Wednesday, February 1, 2012

Something Borrowed

Agents are looking for the next big thing. Publishers are looking for great voices. All are looking for the next story that moves them, speaks to them, changes their way of thinking for those several hours they dive into the book.

You want to be the one person that drives them to think about your novel for days.

However, you can't be too unique. You have to borrow a story and give it a fresh take. No, I'm not talking about plagiarizing. That's wrong (obviously).

What I'm talking about is the unique take on an old idea.

Stephanie Meyer took the old idea of a vampire and turned them into 'vegetarians' and had them live kindly among humans. That's an entirely new take on the old vampires that suck your blood.

How about J.K. Rowling's wonderful tale, Harry Potter? Wizards and witches are used to being burned at the stake, using their brooms only at night. Cackling and warts? Nah, none of the above... they attend school regularly, learn how to properly ride brooms, and laughter is just like any child. See what I mean? A new take on an old idea.

See? Something Borrowed. It doesn't just apply to weddings.

28 comments:

Laura Pauling said...

Though even better than something borrowed is something unique I haven't read yet! But with a fresh enough take that's what the something borrowed can be!

Joanne said...

Sometimes it's all about that fresh spin. It draws the readers right in.

Kate said...

I always know when someone has hit the jackpot with a fresh idea when it makes me wish out loud that I had thought of it first.

Slamdunk said...

Excellent point. I think that is why reading is essential for all of us. Finding creativity and then giving it one's own signature can be a great thing.

LTM said...

Exactly! That's what I was saying Monday, and if FCC, SM and JKR do it, it must be OK... :D Have a great week, honey! :o) <3

Kelsey said...

This brings to mind one of my favorite quotes, "There are no original ideas, just original voices." Because like you pointed out, it's so true.

LynnRush said...

I like that quote, Kelsey. it's soooo true! Great post.

Mindy McGinnis said...

Agreed completely. Whenever anyone asks me where I get my ideas I have to think about the answer, b/c the truth is that the story has already been told, I'm just telling it my way this time.

K. Turley (Clutzattack) said...

As for Rowling's "something borrowed" If you haven't checked out the Chrestomanci series by Diana Wynne Jones, you should. I 'll shave my eyebrows off if Rowling didn't read them and take a good deal of inspiration for Harry Potter from them.

Connie Keller said...

Great point. Kelsey's quote is spot on.

Tasha Seegmiller said...

I love this idea. Voice and character development are way more important that "idea".

melissa said...

Great concept! It reminds me of what I always tell myself when I read a book with similar concept to my WIP - Just because it's the same base idea, doesn't mean the spin I put on it isn't unique! This helps when the book I'm reading is particularly great.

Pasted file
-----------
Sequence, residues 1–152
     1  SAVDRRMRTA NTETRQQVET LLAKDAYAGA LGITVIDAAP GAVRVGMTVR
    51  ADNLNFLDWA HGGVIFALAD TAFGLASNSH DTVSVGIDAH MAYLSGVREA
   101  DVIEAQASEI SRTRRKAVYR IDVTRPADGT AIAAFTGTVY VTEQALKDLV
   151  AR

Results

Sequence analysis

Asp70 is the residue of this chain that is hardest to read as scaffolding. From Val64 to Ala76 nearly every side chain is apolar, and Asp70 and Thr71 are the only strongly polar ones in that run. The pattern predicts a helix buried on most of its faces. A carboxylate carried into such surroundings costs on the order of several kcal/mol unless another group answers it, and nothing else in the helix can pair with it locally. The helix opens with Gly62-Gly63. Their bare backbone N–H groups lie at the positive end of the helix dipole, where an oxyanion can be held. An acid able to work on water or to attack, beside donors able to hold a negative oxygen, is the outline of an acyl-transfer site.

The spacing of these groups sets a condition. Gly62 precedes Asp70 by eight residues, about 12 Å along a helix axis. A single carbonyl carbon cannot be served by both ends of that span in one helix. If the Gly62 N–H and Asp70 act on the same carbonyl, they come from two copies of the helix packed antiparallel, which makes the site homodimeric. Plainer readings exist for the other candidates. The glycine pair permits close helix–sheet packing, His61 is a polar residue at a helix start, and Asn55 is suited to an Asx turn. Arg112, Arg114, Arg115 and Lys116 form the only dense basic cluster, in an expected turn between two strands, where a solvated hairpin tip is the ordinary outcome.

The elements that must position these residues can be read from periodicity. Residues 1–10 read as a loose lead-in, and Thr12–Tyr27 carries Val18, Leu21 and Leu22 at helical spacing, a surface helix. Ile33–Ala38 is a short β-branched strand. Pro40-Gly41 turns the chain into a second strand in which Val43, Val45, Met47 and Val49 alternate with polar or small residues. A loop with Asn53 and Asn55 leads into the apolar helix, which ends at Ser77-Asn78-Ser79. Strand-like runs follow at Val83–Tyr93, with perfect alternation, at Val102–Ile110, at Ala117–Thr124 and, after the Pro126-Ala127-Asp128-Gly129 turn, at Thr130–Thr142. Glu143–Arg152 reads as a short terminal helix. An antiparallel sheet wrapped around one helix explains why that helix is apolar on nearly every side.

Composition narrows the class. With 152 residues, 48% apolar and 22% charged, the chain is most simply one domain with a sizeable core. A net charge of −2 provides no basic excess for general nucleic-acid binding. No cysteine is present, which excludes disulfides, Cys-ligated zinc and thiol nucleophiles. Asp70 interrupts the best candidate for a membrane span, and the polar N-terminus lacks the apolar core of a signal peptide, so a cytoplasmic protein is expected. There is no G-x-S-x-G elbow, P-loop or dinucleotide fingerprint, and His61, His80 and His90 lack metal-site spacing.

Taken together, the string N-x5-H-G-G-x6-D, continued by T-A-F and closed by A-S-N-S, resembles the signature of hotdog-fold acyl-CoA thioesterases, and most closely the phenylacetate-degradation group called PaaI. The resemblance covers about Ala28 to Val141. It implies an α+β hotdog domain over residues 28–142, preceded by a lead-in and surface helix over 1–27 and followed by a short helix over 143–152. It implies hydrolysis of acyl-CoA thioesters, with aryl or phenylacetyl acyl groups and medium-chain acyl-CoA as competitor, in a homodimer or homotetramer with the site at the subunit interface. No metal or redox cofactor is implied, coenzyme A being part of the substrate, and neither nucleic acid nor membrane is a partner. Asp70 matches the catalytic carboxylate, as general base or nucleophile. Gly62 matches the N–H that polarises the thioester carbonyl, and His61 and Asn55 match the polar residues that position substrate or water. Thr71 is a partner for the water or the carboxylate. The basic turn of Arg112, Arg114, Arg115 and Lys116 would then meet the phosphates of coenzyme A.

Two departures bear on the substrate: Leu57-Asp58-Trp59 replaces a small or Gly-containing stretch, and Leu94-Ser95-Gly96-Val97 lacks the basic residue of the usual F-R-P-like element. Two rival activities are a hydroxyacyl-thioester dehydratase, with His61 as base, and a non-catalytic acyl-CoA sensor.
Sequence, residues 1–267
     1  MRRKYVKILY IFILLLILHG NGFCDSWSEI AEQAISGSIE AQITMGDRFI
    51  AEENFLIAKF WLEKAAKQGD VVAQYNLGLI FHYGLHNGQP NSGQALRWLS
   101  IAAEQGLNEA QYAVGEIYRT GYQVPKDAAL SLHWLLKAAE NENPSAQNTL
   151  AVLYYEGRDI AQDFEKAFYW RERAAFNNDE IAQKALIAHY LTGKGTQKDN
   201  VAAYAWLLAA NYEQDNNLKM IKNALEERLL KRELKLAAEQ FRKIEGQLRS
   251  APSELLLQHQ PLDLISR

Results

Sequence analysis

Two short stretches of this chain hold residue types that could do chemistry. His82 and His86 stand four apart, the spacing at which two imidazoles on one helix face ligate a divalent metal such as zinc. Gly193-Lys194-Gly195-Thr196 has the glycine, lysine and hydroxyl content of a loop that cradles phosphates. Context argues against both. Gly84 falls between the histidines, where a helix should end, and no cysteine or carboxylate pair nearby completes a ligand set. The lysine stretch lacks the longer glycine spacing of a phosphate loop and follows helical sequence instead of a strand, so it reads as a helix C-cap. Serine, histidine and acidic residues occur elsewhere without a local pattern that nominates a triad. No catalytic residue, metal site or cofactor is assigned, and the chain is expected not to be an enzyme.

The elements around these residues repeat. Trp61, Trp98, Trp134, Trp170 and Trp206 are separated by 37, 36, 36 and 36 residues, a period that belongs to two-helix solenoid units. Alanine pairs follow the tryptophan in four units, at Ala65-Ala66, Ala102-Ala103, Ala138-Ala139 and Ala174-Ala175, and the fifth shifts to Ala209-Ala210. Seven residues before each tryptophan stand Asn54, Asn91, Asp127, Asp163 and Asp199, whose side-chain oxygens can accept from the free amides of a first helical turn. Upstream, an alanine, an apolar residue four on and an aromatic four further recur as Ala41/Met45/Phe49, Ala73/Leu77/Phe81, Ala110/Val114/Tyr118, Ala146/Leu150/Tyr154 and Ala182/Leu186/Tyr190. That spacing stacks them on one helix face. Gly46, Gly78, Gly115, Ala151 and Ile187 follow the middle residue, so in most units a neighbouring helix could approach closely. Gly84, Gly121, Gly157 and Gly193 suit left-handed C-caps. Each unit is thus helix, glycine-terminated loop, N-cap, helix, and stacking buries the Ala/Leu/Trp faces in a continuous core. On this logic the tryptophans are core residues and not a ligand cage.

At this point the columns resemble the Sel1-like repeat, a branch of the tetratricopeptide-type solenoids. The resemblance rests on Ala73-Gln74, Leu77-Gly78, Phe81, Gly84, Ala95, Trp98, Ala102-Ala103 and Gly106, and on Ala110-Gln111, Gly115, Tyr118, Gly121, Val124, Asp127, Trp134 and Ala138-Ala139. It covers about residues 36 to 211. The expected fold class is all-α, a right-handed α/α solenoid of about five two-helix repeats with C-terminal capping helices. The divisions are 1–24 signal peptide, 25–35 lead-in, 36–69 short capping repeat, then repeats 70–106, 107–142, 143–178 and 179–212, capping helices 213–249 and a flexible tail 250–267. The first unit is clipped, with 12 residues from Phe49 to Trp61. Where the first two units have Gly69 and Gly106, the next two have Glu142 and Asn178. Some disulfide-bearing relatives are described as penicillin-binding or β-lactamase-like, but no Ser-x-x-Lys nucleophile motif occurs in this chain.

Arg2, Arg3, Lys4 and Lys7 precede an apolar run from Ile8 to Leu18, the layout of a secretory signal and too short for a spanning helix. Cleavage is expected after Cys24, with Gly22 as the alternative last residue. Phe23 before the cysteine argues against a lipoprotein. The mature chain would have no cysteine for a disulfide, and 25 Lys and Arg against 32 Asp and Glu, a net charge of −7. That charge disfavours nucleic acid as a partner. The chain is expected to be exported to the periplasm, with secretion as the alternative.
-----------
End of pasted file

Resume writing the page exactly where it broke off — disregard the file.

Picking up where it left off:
S.P. Bowers said...

Nice post. Execution is everything. How you write the idea, the characters, setting, your own voice.

Nicole Zoltack said...

I love this. Your unique spin on a story is what makes it fresh and new.

Shelley Sly said...

Good point! A trend I've been noticing lately is rewrites of fairy tales. Same basic story, but it has some kind of twist. I have ideas for a story like that myself.

J. A. Bennett said...

I think you can have a brand new idea, but there just aren't many left.

Meredith said...

Ha, so true! Some of my fave books are fairy tale retellings that take an old fairy tale and twist it. Love that!

Carrie Monroe said...

Great examples of fresh takes on familiar stories

Carolyn V said...

Love this! I've been reading some great twists on fairy tales lately. It's amazing how different they can be!

Alex J. Cavanaugh said...

My first book was definitely a borrow on some previous stories.

Carrie Butler said...

Well said! :)

Angie Ledbetter said...

I guess that's why the evergreen themes are so popular -- they're tried & true. But to end up on my Jinga-fied nightstand, a book definitely has to have some great new notes on the old song and unforgettable characters.

Amy L. Sonnichsen said...

As King Solomon said, there's nothing new under the sun! :)

Krista said...

I read once that in writing fantasy - all you ever do is put new wine in old bottles. I love that analogy. It's not that we have to be totally unique - we just have do something different.

Cheryl Stahle said...

Completely agree....there are so many wonderful ideas already out there that are just begging for an update or a twist.

Teenage Bride said...

you make it all sound easy lol

Leslie Rose said...

Ditto Caroline V. Those fairy tales are crooking a "come hither" finger to be retold.

Rebecca Bradley said...

Apparently, I've read somewhere, that every story has already been told, in which case, turning an old story on its head as you say, is what's now needed. Great point.